For the last 17 years, Clark Aldrich has been pushing for education to break outside of both traditional media and strictly linear techniques. Early on, this meant advocating for the use of computer game simulations that could place users in an interactive environment. Computer games, however, carry the double stigma of associations with mindless entertainment and an adolescent audience. Therefore, in his research and publishing Aldrich has focused on the importance of “Learning by Doing”, which not coincidentally was the title of his second book, and “Serious Games”. He has highlighted that “learning by doing” can help lead not only to “learning to know” but also “learning to do”. Skills learned in interactive simulations have the potential to be applied directly. Meanwhile, learning through lecture or reading may take more effort to incorporate into one’s daily practice.
More recently Aldrich came to the realization that the complex app-based simulations, which could incorporate aspects of Virtual Reality and Artificial Intelligence and on which his research had previously centered, do not necessarily jibe well with the current educational landscape. Aldrich states, “Increasingly we’re living in an age where mostly corporations and non-profits and universities and government don’t have the time to invest in longer programs – and by longer I mean in this case longer to develop programs.” He goes on to say that with the current, rapid pace of information change organizations need to be able to produce educational content more quickly and they need to be able to update that content more quickly, often a difficult task in specialized, high-end simulations. For these reasons, Aldrich has been drawn to another paradigm: Short Sims.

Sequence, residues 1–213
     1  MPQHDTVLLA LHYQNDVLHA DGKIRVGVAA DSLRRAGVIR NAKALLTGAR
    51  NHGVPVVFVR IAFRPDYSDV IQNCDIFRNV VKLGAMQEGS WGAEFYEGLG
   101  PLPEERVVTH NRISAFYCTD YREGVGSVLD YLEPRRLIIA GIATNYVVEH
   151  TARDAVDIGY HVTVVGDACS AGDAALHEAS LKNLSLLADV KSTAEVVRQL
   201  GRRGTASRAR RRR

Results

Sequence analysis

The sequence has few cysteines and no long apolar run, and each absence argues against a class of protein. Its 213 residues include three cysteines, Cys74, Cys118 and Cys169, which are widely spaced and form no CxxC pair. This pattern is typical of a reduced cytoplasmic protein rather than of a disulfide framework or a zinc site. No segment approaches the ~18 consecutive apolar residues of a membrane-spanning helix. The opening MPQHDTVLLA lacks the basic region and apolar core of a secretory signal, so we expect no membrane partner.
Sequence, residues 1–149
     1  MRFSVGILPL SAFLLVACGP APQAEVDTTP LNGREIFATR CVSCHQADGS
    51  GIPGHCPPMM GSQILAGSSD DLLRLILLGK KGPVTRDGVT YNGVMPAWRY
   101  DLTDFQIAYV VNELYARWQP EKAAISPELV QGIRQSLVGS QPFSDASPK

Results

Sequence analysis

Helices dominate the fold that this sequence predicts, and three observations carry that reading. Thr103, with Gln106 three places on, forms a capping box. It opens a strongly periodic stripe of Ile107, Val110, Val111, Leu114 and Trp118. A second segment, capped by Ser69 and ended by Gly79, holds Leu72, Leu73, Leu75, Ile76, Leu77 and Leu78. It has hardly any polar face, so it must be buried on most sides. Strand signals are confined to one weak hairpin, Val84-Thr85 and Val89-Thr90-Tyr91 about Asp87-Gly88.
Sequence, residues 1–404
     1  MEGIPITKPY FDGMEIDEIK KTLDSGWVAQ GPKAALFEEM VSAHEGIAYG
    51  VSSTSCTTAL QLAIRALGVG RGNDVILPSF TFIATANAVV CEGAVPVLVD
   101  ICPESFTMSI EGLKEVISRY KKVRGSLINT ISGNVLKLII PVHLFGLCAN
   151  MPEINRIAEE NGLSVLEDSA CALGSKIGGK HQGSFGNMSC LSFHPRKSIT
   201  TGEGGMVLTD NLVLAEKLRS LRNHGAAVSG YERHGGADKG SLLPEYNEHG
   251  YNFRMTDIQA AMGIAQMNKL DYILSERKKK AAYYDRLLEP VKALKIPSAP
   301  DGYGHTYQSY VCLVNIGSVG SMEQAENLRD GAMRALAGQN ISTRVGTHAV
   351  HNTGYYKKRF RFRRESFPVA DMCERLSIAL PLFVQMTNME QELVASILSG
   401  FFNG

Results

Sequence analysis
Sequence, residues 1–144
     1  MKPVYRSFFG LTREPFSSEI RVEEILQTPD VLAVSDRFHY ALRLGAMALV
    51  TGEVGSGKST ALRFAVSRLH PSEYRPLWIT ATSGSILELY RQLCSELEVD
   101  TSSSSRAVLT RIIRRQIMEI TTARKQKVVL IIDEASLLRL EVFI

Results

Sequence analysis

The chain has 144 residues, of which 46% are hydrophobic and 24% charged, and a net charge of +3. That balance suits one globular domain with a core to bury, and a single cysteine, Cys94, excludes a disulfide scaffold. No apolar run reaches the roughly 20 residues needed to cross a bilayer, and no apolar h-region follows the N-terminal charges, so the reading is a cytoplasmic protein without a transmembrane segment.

What is a Short Sim?
With Short Sims, the focus is on creating lightweight scenario files that can be rapidly developed and deployed. Widely available scenario-focused programs, such as BranchTrack, or all-purpose educational software, such as Articulate Storyline, can be used to create Short Sims. Therefore, it is not so much specialized technology or code that matters with Short Sims but rather creative scenario planning. The difference according to Aldrich between his previous work and Short Sims is that “[a]ll the time frames, all the budgets, all the expectations are different, and yet all the core philosophies of the earlier game-based experiences still hold true.” Rapid, low-cost, simplified development combined with whit, ingenuity, and playfulness is the order of the day.
What should we expect from this webinar?
Aldrich explains that “[t]he upcoming webinar [An eLearning Game Changer] is on some of the techniques, some of the examples, some of the ways of both planning for this kind of activity and then actually doing it.” True to his research, he will share some of the core philosophies that made his earlier games great and then help you actively apply them to your own Short Sim. By attending, you will also receive a free copy of Aldrich’s e-book “Short Sims”, which – in an exciting twist of metatextual fate – contains fully functional example of Short Sims as well as explanations of how they were made. Click below to reserve your place for this engaging speaker and topic.